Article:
(2) Illustrations showing where to apply moxibustion and needles;
(3) Illustrations of the 'mushi' in the body and their treatment (acupuncture, moxibustion and Chinese herbal medicine); and
(4) Anatomical illustrations of the organs and body.
Part (1) documentation includes some 320 articles on the treatment of diseases and details of needle application points, etc. The content is identical to the 'Ryujyu Seiho' of the Iizan school published in 1685, which influenced the acupuncture and moxibustion schools of the early modern period.
Part (2) contains 9 illustrations of acupuncture and moxibustion, showing acupuncture and moxibustion parts for each disease, such as zhongfu, beriberi and eye diseases.
Part (3) has two sections: the upper part shows imaginary insects (mushi) that were thought to cause diseases such as Wuzheng, Liuju, etc.; the lower part shows the characteristics of the mushi and methods of treatment.
Part (4) contains Illustrations of the interior and organs of the body. They include illustrations of the lateral human body, illustrations of the five core organs and six internal viscera. and illustrations of the acupuncture and moxibustion meridians. The images differ from each other and may have been drawn under the influence of Taoism or based on actual dissections.
Relation to the Kyushu National Museum (Ku-haku)
This material is representative of Oriental medicine in the context of the Ku-haku exhibition, the theme of which is to present Japanese culture in relation to Asia and Europe. Oriental medicine was created in China and imported to Japan from ancient times. Today's Kampo medicine, acupuncture, moxibustion and anma (massage technique) are in this category. This is a valuable document showing the development of acupuncture and moxibustion in Japan.
In addition, the illustrations of the mushi are valuable material because they reveal the thinking of the people of the time about disease. There are very few documents in Japan that depict so many mushi.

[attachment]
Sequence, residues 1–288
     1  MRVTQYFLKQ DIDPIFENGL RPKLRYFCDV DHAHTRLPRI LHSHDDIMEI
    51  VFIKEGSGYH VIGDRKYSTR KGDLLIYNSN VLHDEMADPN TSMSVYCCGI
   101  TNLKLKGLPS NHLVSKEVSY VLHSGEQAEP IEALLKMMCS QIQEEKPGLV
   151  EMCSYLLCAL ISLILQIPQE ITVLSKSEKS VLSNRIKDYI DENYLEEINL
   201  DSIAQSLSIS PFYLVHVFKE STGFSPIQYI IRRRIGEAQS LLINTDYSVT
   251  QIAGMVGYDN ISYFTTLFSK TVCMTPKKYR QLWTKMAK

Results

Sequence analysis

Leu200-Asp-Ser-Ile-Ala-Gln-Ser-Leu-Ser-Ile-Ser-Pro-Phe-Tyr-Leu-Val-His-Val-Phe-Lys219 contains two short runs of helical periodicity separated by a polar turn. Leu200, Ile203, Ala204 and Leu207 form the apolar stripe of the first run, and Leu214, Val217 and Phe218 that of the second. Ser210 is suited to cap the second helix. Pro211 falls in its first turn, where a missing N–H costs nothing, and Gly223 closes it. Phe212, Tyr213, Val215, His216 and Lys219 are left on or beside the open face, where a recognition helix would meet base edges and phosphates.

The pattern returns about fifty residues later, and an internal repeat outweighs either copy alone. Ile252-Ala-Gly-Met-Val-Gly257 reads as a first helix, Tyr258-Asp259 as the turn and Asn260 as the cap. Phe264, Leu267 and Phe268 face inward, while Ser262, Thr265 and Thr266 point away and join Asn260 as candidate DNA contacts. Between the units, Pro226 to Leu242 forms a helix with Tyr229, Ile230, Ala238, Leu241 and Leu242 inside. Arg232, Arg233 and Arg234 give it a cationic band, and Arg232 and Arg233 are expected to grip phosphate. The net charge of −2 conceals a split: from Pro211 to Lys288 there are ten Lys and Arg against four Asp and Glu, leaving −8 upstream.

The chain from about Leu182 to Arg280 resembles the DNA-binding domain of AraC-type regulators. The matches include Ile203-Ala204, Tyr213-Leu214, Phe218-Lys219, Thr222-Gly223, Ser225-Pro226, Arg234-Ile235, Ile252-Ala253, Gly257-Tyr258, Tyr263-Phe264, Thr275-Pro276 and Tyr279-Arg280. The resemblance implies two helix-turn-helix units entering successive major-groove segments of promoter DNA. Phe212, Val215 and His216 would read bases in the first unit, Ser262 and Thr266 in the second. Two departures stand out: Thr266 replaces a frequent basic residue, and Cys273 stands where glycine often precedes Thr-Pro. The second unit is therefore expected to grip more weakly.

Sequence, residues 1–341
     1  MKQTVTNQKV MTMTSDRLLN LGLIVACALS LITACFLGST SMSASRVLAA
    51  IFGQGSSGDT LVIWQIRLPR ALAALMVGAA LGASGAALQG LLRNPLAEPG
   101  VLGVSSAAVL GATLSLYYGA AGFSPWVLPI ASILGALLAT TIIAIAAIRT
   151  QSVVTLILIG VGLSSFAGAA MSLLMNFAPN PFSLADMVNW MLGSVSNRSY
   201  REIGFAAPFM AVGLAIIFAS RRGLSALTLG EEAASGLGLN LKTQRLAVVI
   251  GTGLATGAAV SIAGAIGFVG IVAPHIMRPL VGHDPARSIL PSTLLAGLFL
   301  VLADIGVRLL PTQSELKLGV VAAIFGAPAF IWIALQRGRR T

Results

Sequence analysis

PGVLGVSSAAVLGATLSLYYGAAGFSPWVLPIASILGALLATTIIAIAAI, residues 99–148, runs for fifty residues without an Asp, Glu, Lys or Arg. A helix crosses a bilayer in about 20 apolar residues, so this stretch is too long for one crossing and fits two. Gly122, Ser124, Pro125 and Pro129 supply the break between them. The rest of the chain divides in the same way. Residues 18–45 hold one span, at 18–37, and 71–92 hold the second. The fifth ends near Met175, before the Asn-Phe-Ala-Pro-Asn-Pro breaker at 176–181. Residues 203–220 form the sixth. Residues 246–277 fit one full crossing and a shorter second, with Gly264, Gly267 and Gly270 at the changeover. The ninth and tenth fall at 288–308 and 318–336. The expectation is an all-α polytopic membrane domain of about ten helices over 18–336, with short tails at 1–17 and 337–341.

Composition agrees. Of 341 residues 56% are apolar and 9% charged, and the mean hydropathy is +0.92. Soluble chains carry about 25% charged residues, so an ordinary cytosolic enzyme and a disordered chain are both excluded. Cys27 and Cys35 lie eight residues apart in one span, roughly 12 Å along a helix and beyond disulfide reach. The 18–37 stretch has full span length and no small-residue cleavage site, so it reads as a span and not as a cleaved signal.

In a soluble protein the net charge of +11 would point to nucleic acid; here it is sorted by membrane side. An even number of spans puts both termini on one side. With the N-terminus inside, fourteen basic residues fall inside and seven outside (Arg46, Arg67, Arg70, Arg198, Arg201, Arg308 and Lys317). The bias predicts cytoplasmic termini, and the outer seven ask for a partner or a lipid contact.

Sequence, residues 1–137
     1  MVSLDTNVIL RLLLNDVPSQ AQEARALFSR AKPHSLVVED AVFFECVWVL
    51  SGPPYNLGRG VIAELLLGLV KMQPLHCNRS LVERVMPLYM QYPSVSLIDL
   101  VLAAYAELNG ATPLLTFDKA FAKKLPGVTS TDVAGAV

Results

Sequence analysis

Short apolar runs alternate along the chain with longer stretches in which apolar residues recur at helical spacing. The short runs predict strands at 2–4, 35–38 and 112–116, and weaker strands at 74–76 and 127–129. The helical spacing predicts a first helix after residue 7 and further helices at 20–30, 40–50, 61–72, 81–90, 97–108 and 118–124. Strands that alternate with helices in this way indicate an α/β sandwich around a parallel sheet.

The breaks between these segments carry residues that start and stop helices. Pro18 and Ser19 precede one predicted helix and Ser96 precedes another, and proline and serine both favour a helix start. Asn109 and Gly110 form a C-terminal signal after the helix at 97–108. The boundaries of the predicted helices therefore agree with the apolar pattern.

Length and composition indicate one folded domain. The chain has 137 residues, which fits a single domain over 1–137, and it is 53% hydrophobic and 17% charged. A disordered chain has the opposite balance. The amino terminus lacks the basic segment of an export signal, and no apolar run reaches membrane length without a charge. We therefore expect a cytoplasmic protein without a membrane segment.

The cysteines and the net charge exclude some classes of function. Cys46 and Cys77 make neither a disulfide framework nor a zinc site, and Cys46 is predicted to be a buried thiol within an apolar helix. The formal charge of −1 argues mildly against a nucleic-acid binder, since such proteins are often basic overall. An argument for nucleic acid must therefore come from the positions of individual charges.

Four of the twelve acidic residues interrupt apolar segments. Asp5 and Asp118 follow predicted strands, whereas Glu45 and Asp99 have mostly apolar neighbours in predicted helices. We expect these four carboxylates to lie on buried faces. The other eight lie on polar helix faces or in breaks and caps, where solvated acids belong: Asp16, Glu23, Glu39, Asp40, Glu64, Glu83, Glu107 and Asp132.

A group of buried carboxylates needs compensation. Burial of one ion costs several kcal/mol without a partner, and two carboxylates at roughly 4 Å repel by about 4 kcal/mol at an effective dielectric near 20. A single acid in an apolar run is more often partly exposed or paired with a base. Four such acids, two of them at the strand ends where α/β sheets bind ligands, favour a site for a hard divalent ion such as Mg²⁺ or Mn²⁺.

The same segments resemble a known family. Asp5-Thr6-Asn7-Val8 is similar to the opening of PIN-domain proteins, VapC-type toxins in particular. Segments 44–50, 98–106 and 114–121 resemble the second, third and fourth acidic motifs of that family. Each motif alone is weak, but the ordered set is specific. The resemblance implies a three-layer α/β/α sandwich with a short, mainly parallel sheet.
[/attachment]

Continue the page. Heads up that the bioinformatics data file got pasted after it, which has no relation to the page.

Four Hands, Four Eyes, One perception – Lica Cecato
To write a text with four hands, to look at a work of art with four eyes, to open one's gaze on a subject that is curiously contemporary but 500 years old, to broaden this four-in-one look, to try to understand the approaches between the West and the East, to understand a certain humor that can become almost didactic, to attract attention to a scientific subject using amusing illustrative techniques, to approach without drama and through the graphic imagery only regarding the large percentage of our body made up of bacteria.
Stefania Baldi has been living in Japan for over thirty years by choice and because of a deep attraction to Japanese culture, which provokes continuous studies and travel with objectives that are not only aesthetic, but for a broader search for beauty, combined many times with a concept of wabi-sabi. A beauty linked to an understanding of nature, to the possibility of being able to live with it, to share what is beautiful. It is enough to sit and look at a garden, to experience moments of absolute abstraction from reality through a Noh theatre performance, to walk through the park of Nara at night, or simply to visit the great Buddha in Kamakura, to give a couple of examples.
Who knows why back in 1568, in this compendium of Chinese medicine, they used such defined red-white-black-orange colors, and such funny shapes, each with its own name and definition of what it can cause in the human body. It amazes me that with the limited number of publications at the time, and long before a cutting-edge technology could let us actually see in detail what these micro-organisms really look like, someone endeavored to introduce acupuncture, moxabustion, meridians, and a compendium of the study of Chinese science regarding these viruses. I find it ingenious, almost like a preface to manga. A culture based on the visual, that deeply values aesthetics, introduces scientific topics using its graphic soul, like a tracing of the country's personalities.
The work is on display in the Kyushu Science Museum in southern Japan. Stefania went to the museum in person and forwarded to me these mushi images of which I have chosen a subset to draw to share with you the impact it caused for me. I want to paint all 63 images and I am well on my way. I hope you will look at these images with the same joy of discovery that Stefania had through direct contact, or I had through the images she sent me, with an almost childlike look of a little kid who still has so much to learn about this uniquely wonderful civilization.